Reviewed by Annabel Gaskell
Some readers will have seen the rather excellent film An Education, based upon an episode in veteran journalist Lynn Barber’s life as a teenager where she fell for an older man who turned out to be a con-man and already married. In her book of the same name, this was just one chapter in her fascinating life.
Now, at sixty-nine, she has written another volume of memoir concentrating on her career as probably the foremost British newspaper celebrity interviewer of the previous few decades. She hints too that she might ‘never voluntarily retire. They will have to prise my gnarled fingers from the keyboard.’ She’s obviously very proud to be still working at it.
Early chapters tell how she learnt her trade at Penthouse interviewing foot fetishists, dominatrices and more, but it was when she moved to the newspapers and started interrogating celebs that her career took off. Later her reputation as ‘Demon Barber’ after some less than flattering pieces was cemented in the public imagination. She moans that everyone remembers the hatchet jobs, and never the most interesting interviews, but there’s no doubting that the epithet has served her well.
Most of the book looks at all the different types of people she has interviewed, and the techniques used to get the information and then create a memorable article around it. In the days when I read The Sunday Times every week, her interviews were one of the must-read parts (along with the books section of course). A cross-section of her interviews that illustrate the thrust of each chapter are reproduced in full, alongside all the anecdotes, interviewing and writing tips.
For instance, we hear about the trip to interview Salvador Dali which became an epic four day marathon. We read about how Barber had to create a scene to get the 55-year-old Marianne Faithfull to speed up a photo shoot with David Bailey for the interview to fit into the time slot given – and how rude Faithfull and her publicist were – there has been bad blood between the two ever since.
In the chapter on ‘Ethics’, she discusses the problem of having met the interviewee before, or having friends in common…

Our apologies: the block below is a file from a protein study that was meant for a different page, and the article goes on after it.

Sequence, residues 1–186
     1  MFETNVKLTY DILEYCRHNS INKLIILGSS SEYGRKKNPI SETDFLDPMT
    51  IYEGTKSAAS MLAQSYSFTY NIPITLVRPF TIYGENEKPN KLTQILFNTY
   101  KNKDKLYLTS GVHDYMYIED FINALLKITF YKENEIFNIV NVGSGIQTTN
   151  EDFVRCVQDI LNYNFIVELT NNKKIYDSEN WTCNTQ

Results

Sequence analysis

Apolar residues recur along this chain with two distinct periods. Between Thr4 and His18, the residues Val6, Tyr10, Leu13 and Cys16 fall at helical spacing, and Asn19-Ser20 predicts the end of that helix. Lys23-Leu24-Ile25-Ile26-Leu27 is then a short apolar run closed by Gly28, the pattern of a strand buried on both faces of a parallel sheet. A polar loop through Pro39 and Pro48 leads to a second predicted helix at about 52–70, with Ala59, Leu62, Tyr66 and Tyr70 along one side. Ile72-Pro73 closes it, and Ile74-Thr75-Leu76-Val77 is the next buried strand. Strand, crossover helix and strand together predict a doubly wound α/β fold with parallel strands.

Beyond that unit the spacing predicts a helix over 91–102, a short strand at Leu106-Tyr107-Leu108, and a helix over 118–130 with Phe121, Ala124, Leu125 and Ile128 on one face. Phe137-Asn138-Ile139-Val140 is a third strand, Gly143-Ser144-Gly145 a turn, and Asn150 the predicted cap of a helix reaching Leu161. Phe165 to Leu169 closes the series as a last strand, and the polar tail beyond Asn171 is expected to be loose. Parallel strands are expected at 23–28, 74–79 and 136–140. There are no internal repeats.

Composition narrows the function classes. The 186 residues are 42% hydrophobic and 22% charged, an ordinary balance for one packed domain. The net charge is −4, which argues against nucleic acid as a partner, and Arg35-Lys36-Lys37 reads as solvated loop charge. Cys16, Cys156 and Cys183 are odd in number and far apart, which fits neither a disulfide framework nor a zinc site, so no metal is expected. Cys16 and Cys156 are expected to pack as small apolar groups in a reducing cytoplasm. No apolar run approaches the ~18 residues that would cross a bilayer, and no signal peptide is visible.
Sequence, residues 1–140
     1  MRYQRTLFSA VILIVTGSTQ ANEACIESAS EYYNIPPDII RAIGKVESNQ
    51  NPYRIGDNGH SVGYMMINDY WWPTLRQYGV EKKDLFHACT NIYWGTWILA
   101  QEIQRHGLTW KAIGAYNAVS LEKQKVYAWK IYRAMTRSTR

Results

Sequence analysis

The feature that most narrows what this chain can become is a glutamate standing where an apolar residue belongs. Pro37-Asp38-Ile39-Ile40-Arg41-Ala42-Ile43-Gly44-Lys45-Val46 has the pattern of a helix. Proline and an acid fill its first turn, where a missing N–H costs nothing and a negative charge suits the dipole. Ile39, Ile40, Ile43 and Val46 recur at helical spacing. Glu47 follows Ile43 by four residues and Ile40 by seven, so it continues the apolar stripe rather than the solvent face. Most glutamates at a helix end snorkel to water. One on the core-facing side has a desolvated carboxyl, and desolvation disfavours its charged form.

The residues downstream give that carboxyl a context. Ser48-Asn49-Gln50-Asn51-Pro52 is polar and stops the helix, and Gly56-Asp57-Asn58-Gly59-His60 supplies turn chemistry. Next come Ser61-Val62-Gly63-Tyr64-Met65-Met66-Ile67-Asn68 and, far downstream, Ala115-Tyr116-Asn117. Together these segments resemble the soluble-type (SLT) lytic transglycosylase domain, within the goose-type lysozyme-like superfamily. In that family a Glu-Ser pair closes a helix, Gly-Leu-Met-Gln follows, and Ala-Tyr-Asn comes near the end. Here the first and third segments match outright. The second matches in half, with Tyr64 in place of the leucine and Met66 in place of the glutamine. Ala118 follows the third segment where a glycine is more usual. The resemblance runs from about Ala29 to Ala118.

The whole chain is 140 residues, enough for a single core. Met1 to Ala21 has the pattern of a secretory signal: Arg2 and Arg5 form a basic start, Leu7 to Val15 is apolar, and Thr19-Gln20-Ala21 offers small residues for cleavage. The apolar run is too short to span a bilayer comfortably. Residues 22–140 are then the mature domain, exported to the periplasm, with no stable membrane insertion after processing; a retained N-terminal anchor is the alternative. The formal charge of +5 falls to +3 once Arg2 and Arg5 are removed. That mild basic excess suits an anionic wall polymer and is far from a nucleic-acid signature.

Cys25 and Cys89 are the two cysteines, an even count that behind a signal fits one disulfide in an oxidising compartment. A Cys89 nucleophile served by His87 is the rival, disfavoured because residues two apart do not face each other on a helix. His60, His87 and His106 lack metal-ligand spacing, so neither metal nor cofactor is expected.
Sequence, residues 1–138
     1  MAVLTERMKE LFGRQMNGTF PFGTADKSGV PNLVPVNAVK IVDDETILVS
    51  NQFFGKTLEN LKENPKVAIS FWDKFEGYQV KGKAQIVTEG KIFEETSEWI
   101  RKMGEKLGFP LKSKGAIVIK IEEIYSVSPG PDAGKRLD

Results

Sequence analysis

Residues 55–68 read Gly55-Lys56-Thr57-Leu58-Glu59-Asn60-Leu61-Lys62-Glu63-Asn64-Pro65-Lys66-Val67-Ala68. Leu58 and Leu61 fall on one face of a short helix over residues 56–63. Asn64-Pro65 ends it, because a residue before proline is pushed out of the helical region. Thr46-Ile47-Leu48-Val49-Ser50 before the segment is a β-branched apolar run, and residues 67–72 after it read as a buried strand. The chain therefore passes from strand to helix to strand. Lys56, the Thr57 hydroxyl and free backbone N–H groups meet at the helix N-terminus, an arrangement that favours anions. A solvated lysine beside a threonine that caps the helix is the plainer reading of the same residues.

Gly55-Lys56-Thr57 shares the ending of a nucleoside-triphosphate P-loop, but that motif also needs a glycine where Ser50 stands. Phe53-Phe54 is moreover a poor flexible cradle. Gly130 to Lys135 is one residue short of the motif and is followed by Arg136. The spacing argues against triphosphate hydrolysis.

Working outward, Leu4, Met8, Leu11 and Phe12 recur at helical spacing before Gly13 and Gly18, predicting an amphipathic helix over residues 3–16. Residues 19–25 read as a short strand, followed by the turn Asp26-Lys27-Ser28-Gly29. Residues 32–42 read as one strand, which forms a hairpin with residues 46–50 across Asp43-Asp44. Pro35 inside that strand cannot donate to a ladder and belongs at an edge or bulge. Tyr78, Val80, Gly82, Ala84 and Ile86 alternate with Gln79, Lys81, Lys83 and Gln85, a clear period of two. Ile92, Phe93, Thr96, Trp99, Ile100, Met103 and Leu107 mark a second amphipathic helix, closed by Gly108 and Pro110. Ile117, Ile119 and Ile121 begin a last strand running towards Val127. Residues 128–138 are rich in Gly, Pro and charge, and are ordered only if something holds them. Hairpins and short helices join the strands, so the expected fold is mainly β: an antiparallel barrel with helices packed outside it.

When I interviewed Jeffrey Archer back in the 1980s, I knew that he knew that I knew his mistress, so I felt a bit awkward asking if he believed in marital fidelity. But of course he was the master of the bare-faced lie and able to beam ‘Of course’ without even the merest tinge of embarrassment.
In her chapter on Sportsmen – not her favourite people — she elucidates on how to make a silk purse out of a sow’s ear, as in her interview with Rafa Nadal. She had to ask the questions while he lay on a massage bed with his underpants exposed – she felt compelled to ask about the amount of fiddling he does on court with his pants! It was so hard to get any meaningful quotes from him at all, so the write-up relied heavily on her research. Research is something Barber is very thorough with. Good research allows you to follow up with supplementary questions when the interviewee says something interesting.
When talking about writers, she describes how, ‘In theory, writers should be easy to interview because at least they speak intelligible English and use words accurately. But on the other hand they tend to be quite secretive…’ This was certainly the case with Muriel Spark in 1990. Barber recalls how it felt like ‘inching up a rock face.’ However, fans of Hilary Mantel will be fascinated to read her interview from 2012 in which there was a lot more give and take.
There are two kinds of people whom Barber adores and is always happy to interview though – they are artists and pop stars. Since meeting Tracey Emin, the two have gone on to become firm friends, but she says,
‘I love, love, love interviewing pop stars – I wish I’d done more of them. Obviously I mean the ones who write their own stuff and are as mad as snakes …’
My favourite interview in the book is her one with Shane McGowan which becomes a six-hour drinking marathon in a Dublin bar. Despite all his shambolicness, McGowan completely charms Barber and extracts a promise from her to come and rob a bank with him should her husband die before her – a jest that comes back to haunt her when that does actually happen.
We learn that being prepared is the vital basis from which to conduct an interview. From having a back-up tape recorder to doing the research to having a long list of prepared questions, all will help to make the most of this unnaturally engineered situation. As a primer for aspiring interviewers, it’s all good advice.
Barber is excellent company as always and it was good to (re)read some the reviews she has written for The Times that are now hidden behind the Times newspaper group’s paywall. I do hope that she has more interviews left in her and doesn’t retire at seventy.
Annabel is one of the Shiny editors.
Lynn Barber, A Curious Career (Bloomsbury, 2014), 224pp.
BUY at Blackwell’s in paperback via our affiliate link (free UK P&P)